Who’s Winning The Battle Of Tug-Of-War In Your House?

As we travel our journey of parenting we find ourselves going in and out of phases, up and down hills, and sometimes, in and out of crazy town! Parenting is definitely not all rainbows and unicorns. When the unicorns and rainbows seem nowhere to be found we are usually dealing with some of the more challenging issues parenting presents. During these times of struggle, we may be trying to stop something negative from occurring or re-occurring. These could be issues such as, back talking, sassy attitudes, or anything in that realm that falls under these territories. Mainly, these issues, amongst others, are all the things that parents are striving to keep from happening. We want these behaviours to stop now and we want to keep them from happening again tomorrow and the next day.

The reason we, as parents struggle so much with these issues are due to our REACTION to the behavior. The true problem isn’t the fact that the behavior occurs, because kids need to use trial and error to test the waters in order to see what their limitations are. They are trying to figure out what boundaries they can push and which boundaries are set. This is totally normal. Therefore, the problem isn’t their behaviour, but rather the parenting tactics in which we try to cope with these behaviours.   The strategies used by most parents to try and stop these behaviours typically make them occur more and not less. These tactics encourage the exact behaviour we are trying to diminish. Usually when these negative cycles occur, more times than not, parents in frustration, stoop down to their kids level and engage in the battle. They tend to pick up the rope in the game of tug-of-war, which only matters worse. Once this happens it’s a back and forth battling leaving both the parents and child wondering who will win and when?

Sadly, I am here to tell that no one wins in these situations. Kids get more frustrated and begin to battle longer and harder. The next time the behavior occurs it just gets more vicious and more out of control. Parents don’t win in the long run because even if they get the behaviour to stop for the moment, it won’t be gone for good. It’s simply a temporary fix. Battling with our kids creates a short-term fix and usually when the behavior returns its worse then the time before.

Parents often ask: ‘If I’m not supposed to try to win and battle these issues out, then what am I supposed to do?’ Parents are often surprised by what I suggest they do in situations such as these. The easiest thing to do when your child picks up the rope (begins to battle you) is for you to leave the rope down. Don’t engage and don’t battle. Why sink to their level and participate? Ask yourself this question and think back to when you have decided to battle it out with your kids in the past. Did you find that you got a long-term permanent fix? Did the problem stop for good? OR did it re-occur again at a later date and continue to grow with a vengeance?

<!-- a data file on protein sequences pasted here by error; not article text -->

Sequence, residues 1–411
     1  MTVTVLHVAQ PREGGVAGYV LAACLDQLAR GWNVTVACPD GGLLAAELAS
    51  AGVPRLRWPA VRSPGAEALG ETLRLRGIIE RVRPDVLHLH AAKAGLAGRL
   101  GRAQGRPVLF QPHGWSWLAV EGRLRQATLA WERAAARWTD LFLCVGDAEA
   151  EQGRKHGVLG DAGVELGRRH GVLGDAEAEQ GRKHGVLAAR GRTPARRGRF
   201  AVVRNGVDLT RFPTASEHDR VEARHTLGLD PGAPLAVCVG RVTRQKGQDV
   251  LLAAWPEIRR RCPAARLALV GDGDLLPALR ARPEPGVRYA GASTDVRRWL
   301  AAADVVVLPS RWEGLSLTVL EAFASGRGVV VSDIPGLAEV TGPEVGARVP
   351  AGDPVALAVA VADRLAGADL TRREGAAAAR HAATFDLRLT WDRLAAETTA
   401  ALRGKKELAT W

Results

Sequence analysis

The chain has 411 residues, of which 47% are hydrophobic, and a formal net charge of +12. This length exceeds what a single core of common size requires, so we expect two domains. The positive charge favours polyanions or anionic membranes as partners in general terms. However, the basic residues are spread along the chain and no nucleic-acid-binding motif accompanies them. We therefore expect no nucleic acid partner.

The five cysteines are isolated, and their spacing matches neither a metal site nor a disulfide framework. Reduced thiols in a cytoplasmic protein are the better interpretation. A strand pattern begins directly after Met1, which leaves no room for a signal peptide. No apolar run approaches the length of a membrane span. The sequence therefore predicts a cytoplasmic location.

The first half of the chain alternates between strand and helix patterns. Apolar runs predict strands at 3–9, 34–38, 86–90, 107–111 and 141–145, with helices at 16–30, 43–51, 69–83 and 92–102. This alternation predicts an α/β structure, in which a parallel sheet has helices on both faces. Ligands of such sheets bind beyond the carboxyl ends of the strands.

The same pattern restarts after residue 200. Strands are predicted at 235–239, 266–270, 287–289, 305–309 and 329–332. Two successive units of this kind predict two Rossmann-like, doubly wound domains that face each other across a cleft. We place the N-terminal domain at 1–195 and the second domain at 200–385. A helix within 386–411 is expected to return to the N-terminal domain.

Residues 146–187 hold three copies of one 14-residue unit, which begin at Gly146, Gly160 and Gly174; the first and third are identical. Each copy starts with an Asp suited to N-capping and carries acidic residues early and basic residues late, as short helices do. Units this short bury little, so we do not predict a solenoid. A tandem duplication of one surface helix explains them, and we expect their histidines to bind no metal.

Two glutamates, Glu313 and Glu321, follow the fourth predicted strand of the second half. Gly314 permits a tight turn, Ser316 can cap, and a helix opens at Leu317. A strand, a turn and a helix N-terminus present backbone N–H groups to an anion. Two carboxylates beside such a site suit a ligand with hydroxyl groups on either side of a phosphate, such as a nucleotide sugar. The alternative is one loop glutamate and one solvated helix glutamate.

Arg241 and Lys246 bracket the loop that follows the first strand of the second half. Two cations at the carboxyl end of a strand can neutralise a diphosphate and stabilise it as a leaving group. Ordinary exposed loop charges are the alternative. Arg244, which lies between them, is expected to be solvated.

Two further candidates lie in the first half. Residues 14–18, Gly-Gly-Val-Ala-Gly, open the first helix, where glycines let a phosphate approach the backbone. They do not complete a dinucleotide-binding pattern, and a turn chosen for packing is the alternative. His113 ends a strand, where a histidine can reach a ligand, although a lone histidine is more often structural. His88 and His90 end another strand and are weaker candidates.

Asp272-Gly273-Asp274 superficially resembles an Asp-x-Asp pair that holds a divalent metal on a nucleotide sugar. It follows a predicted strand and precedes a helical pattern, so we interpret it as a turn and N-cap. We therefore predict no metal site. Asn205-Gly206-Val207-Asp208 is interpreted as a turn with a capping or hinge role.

So, as a parent when my child starts to battle with me what should I do? Let him/her get away with it? NO! This is not what I’m suggesting. What I am suggesting is that when we, as parents, begin to battle with our kids we actually have already lost the battle. Unfortunately, that was not our goal and not only do we lose the battle, but we also make matters worse for the days to come. Next time your child starts to engage in a game of tug-a-war, I dare you to leave the rope down on the ground. When you want to avoid a battle of tug-a-war I suggest you leave the rope right where it is and put the scenario back on your kids.

What do I mean by this? Good question. Here are a few concrete examples to help you see this parenting tool in action.

  • BATTLE: Your child refuses to put their clothes in the hamper and leaves them all over the floor

 SOLUTION: Simply state calmly and matter of fact- “From now on, I will wash all clothes that are in the hamper. Anything left on the floor will be your responsibility to either clean, wear dirty or put in the hamper for the next day I do the laundry.”

  • BATTLE: Your child refuses to flush the toilet.

SOLUTION: Again calmly and matter of fact state – “From now on I will clean the toilet when the toilet has been flushed. IF the toilet is NOT flushed you will be responsible to clean it before you do your free time activities after school.”

Do you see how matter of fact, clear, and fair these solutions are? They are not engaging in a battle or creating an unfair situation or consequence for your child. They are 100% fair because they directly relate to the ‘crime.’ It’s important to always be firm, fair and consistent in all things parenting. If you say you are going to do something, than you must do it. If you fall back on your word and wash dirty clothes they’ve left on the floor or clean the un-flushed toilet, than you are breaking your promise. You must follow through to teach boundaries and stop the tug-of-war battling for good. By doing this you will increase cooperation from you kids and decrease the battling!

For more on positive discipline and the importance of being firm, fair and consistent read this article: The Key To A Well Behaved Child Is Discipline.

SMALL changes in how we respond to our kids will make HUGE changes in how they respond!




behavior, kids, parent consultant, parenting, parenting solutions, Tia Slightham

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